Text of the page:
Monday, November 03, 2008
Futurama: Bender's Game
Review by Sombrero Grande
In an age when a show like Family Guy can be cancelled and then resurrected to become even more popular than before, Futurama arose from the ashes from its FOX cancellation not with more episodes in store for fans, but a series of direct-to-DVD movies. Futurama: Bender's Game is the third release in the series, and if you ask this reviewer's opinion (which, by reading this review, you are) they should have stopped after the first installment.
Futurama: Bender's Big Score, the first direct-to-DVD feature-length Futurama movie was excellent. It reintroduced all the classic Futurama characters in a well-written, well-thought-out story that tied together a lot of loose ends from the show. Not only that, but it was damn funny throughout to boot.
Then along came Futurama: The Beast With a Billion Backs. While this second installment had its moments, it paled in comparison with Bender's Big Score. The story was looser and not nearly as funny throughout.
Now with the emergence of Futurama: Bender's Game, the direct-to-DVD series finally sinks to the depths of mediocrity usually associated with the term "direct-to-DVD," with only scattered laughs and an equally scattered plot.
Bender becomes addicted to Dungeons and Dragons after learning to access his imagination and must be sent to the HAL Institute for Criminally Insane Robots to "cure" him of his medieval fantasies. Meanwhile, the rest of the Planet Express crew deals with the rising cost of dark matter fuel. It turns out that Mom is the sole provider of the stuff and has been raking in record profits by raising costs under the guise of a dark matter shortage. Professor Farnsworth realizes that he has an item in his possession that will negate the power of the dark matter to be used as fuel and the crew embarks to stop Mom's evildoing, but inadvertently amplifies the power of the dark matter to turn Bender's imaginary medieval world into an alternate universe.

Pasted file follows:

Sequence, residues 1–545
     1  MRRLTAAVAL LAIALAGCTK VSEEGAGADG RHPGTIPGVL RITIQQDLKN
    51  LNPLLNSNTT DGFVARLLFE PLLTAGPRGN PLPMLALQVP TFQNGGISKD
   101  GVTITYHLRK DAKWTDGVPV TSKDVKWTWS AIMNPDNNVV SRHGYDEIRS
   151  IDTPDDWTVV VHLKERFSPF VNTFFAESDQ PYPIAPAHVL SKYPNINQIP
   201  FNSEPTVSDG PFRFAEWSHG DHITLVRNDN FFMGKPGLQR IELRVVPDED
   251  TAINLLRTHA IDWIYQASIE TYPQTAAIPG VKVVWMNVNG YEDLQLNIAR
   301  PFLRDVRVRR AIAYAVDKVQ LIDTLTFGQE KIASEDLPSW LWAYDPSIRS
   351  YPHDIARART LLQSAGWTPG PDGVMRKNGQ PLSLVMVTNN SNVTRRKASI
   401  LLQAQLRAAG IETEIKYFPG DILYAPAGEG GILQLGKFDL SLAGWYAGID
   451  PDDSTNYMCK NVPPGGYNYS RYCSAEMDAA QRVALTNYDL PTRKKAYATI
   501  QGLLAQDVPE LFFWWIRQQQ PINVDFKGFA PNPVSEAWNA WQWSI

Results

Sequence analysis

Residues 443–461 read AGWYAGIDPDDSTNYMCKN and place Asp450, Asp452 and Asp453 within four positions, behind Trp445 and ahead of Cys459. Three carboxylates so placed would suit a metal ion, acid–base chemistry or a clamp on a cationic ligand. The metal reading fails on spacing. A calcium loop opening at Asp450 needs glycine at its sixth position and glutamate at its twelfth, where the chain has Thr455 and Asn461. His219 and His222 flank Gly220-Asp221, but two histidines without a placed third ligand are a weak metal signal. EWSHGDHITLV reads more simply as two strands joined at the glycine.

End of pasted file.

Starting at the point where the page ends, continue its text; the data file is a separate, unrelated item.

The story and gags all feel hastily cobbled together. It takes half the movie to get to the advertised alternate world inside Bender's imagination, and once there it disappoints. The reimagining of the Futurama characters as fantasy characters feels just as slapped together as the rest of the film as none of their alternate personas "pay off" in any interesting manner. The side stories (such as Leela dealing with her "anger issues") are resolved sloppily.
The movie's references and spoofs relating to The Lord of the Rings feel tired, like we've already seen funnier versions years ago (and we have). The only gags that seem to pay off come early in the movie in a Twilight Zone parody and a Barbara Walters-inspired interview program starring Morbo.
Futurama, the series, was never given the chance to grow so old that it became as stagnant as The Simpsons has become, but Bender's Game fixes that. Just as the later seasons of The Simpsons saw the yellow-skinned characters jumping into different fantasy stories with unimaginatively redressed characters, now Futurama is doing the same. If you're a big Futurama fan, you might want to give this one a rent instead of a buy. If you're not a big fan of Futurama but are looking to be, Bender's Game is a awful place to start.
The DVD of Bender's Game includes an Audio Commentary, Storyboard Animatic, Deleted Scene, "Dungeons and Dragons and Futurama" Featurette, "How to Draw Futurama in 83 Easy Steps," 3D Model with Animator Discussion, Outakes (shots of the voice actors flubbing their lines and making goofy noises), an amusing "Futurama Genetics Lab" activity, "Bender's Anti-Piracy Warning" and a trailer for the next direct-to-DVD installment, Futurama: Into the Wild Green Yonder. If the series continues its downward trend, I shudder to think how Into the Wild Green Yonder will turn out.